Institutional based descriptive cross-sectional study was conducted from January 1 to 20, 2019 GC at Ambo University which was west shoa zone central Ethiopia. The sample size was calculated using single population proportion formula by assuming population proportion 33% [25]. To get the possible sample at 95% confidence interval, which is z-value of 1.96 and marginal error of 5%, it is calculated as follows:

\[dfsg\sqrt {{a^2} + {b^2}} gdg\]

\[n = \frac{{{{\left( {1.96} \right)}^2} \times 0.33 \times \left( {1 - 0.33} \right)}}{{{{\left( {0.5} \right)}^2}}} = \frac{{3.8416 \times 0.33 \times 0.67}}{{0.0025}} = \frac{{0.8493}}{{0.0025}}\]

\[n = 340\]

Where, z represents level of confidence interval (95%); P represents population proportion; and n represents sample size.

Since our sample, n was less than 10,000; we used correction formula,

\[nf = \frac{n}{{1 + \frac{n}{N}}}\]

Where, N represents total number of female students selected from colleges; N represents calculated sample size; nf represents required sample size to be selected in Ambo University.

By taking our source population N=1321 (Total number of female students found in the three colleges, November 2018 EC).

\[nf = \frac{n}{{1 + \frac{n}{N}}} = \frac{{340}}{{1 + \frac{{340}}{{1321}}}} = \frac{{340}}{{1 + 0.3}} = \frac{{340}}{{1.3}} = 262\]

By considering 10% non-response rate, 10% of 262=26.

So, our final sample size will be 262+26=288.

Sampling in Ambo University main campus, there are seven colleges. From those colleges, we selected three colleges by using simple random sampling. Systematic random sampling was employed to select and approach each study subjects. K value=N/nf where, N=total number of female students (1321).

nf=Total sample size (required) = 1321/288 = 5.

Ethical clearance was obtained from Ambo University research committee written informed consent for participation in the study was obtained from participants just after start of the interview.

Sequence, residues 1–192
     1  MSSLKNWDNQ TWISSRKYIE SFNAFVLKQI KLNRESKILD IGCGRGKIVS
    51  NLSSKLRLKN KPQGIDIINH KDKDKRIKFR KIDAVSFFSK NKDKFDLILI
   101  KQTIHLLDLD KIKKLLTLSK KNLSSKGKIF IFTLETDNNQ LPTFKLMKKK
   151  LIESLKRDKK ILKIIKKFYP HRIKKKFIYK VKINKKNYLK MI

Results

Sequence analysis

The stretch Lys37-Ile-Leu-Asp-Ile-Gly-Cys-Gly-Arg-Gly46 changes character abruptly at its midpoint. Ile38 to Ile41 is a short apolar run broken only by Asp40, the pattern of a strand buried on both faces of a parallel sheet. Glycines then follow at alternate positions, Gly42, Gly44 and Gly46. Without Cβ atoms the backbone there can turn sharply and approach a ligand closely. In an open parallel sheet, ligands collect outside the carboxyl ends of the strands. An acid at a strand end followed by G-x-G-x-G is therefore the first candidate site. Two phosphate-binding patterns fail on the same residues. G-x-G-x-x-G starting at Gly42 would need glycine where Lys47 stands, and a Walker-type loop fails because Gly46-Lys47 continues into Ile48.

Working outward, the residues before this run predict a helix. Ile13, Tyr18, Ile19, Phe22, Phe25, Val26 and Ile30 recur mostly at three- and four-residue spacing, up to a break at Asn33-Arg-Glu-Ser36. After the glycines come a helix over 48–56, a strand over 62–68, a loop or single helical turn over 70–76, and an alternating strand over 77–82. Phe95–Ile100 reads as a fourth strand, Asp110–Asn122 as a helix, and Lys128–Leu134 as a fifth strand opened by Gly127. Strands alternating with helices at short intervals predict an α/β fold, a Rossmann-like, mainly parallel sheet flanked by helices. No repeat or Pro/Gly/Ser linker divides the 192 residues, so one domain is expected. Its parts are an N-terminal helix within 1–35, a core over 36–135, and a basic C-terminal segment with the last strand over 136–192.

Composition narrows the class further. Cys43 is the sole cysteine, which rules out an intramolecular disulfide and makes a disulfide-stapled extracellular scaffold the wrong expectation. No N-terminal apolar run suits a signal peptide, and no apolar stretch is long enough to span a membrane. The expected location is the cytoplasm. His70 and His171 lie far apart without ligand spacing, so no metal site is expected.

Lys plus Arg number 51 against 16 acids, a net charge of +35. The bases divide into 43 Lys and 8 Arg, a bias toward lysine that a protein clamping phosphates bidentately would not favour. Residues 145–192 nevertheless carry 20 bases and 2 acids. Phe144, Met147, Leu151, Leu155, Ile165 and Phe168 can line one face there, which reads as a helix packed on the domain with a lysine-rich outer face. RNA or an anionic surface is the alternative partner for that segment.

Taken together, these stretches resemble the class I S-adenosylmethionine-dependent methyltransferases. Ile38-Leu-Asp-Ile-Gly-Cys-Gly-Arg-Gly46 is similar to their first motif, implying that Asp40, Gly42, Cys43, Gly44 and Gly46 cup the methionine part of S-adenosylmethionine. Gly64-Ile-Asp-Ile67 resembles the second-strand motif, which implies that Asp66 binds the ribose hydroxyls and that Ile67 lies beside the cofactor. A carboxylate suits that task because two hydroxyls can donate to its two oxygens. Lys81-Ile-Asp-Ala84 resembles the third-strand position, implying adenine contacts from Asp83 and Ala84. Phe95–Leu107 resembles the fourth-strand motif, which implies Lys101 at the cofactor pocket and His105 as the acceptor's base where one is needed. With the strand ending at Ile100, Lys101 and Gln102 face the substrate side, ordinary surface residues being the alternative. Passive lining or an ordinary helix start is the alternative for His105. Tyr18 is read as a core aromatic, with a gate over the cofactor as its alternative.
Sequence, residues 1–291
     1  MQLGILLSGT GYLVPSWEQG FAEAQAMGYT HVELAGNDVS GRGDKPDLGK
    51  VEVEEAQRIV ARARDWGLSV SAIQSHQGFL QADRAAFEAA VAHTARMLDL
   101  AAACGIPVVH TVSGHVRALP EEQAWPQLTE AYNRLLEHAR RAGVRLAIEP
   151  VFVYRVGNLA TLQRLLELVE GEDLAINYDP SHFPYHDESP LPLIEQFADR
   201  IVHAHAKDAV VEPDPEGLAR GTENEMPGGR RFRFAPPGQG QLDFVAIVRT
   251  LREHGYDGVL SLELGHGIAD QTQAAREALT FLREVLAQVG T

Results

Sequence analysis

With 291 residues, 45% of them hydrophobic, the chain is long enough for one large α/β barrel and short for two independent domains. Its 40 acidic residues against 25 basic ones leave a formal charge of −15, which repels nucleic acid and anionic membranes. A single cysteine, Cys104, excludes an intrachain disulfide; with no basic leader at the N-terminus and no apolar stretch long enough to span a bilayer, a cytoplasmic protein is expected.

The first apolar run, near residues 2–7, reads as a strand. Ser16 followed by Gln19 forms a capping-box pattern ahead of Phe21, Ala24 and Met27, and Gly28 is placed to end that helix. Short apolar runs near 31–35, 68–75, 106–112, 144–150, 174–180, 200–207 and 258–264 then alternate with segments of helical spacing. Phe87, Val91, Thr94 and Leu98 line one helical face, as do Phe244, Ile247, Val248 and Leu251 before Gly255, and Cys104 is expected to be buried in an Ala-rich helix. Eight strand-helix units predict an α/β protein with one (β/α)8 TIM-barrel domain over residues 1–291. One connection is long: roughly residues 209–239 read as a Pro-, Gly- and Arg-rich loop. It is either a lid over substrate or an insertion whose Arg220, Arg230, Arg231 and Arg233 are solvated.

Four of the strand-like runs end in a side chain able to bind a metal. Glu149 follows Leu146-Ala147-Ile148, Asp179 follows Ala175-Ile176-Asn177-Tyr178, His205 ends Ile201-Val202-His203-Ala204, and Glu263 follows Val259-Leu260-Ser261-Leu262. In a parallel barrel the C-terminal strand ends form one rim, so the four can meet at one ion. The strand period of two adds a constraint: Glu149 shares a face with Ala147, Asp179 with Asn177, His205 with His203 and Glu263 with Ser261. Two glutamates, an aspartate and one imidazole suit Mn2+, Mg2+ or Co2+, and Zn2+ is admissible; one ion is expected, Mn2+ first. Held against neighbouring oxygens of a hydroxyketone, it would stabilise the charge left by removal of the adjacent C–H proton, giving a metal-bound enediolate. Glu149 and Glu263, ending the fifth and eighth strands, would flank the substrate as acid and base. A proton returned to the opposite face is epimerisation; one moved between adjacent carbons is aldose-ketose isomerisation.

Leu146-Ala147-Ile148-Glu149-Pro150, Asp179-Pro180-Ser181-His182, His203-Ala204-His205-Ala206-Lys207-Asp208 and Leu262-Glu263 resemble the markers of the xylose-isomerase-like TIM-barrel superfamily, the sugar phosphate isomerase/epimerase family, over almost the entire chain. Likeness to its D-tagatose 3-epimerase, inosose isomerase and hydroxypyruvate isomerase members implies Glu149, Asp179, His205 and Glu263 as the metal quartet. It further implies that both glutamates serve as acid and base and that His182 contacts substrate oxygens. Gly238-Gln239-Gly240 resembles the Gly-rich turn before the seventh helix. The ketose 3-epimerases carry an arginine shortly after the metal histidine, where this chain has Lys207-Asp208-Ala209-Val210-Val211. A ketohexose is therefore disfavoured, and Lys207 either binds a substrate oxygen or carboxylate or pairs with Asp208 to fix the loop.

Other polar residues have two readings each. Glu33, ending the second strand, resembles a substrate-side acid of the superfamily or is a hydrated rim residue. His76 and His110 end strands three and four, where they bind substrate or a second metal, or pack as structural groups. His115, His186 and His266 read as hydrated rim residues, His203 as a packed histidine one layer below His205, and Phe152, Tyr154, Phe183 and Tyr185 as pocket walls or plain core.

100% response rate of participants. Among the respondents, 82(28%) were from medicine and health science college, 77(27%) were from business and economics college and 129(45%) were from college of natural and computational science. The prevalence of PMS among the participants was 18%. It is calculated that 23(45%) of subjects with positive history stopped performing their usual activities (eating, washing, talking to friends). The respondents who qualified for the diagnosis of PMS considerably suffered on their academic as well as social lives. The most common academic performance impairment was cessation or interruption of studying which was reported by 38(75%) of those diagnosed with premenstrual syndrome. Our study finding showed that, the magnitude for severely depressed mood is 58(20.4%), for severely anxiety or tension is 37(12.8%), for markedly irritability is 29(10.1%), for headache is 71(24.7%), for fatigue is 59(20.5%), for severely breast tenderness is 49(17%), for severely backache is 60(20.8%), for marked menstrual cramp is 56(19.4%) and the magnitude of decreased interest in usual activities and social withdrawal is 45.3%, 68.5% for lack of energy, 49.2% for appetite change, 35.4% for change in sleep pattern, 21% for feeling of out of control or overwhelmed, 38.7% for difficulty of concentration and 41.4% and 37% for somatic symptoms such as abdominal bloating and symptoms severe enough to interfere with day to day activities respectively (Figure 1).

Figure 1: Sleep habit of the study subjects.

Variables Characteristics Frequency (%)
Age <20 110 38.2
20-23 156 54.2
>24 22 7.6
Religion Orthodox 124 43.1
Protestant 131 45.5
Muslim 24 8.3
Other 9 3.1
Ethnicity Oromo 152 53.0
Amara 105 36.5
Tigre 17 5.9
Other 14 4.9
Marital Status Single 256 88.9
Married 32 11.1
Divorced 0 0
Other 0 0
Residence Urban 172 59.7
Rural 116 40.3
Academic Year 1st year 58 20.1
2nd year 96 33.3
3rd year 117 40.6
4th year 14 4.9
5th year 3 1
Mothers Education No formal education 113 39.2
Primary school 120 41.7
High school 25 8.7
College/University 30 10.4
Monthly Family Income (Ethiopian Birr) 1000-3500 123 42.7
3600-5000 113 39.2
5100-10000 26 9
>10000 26 9
Family Status Family live together 228 79.2
Extended family 31 10.8
Divorced family 27 9.4
Other 2 0.7

Table 1: Socio-demographic characteristics of respondents in Ambo University female regular students.

Majority of the respondent had their first menstrual flow between the ages of 13 to 16 years which was 65.5% and had menstrual cycles ranging from 21-35 days which was 55% (Figure 2). All subjects responded about their ethnicity and 152 (53%) were Oromo, 105(36.5%) were Amara, 17(6%) were Tigre and 14(5%) were others (Table 1).

Figure 2: Age at menarche shown by pie chart.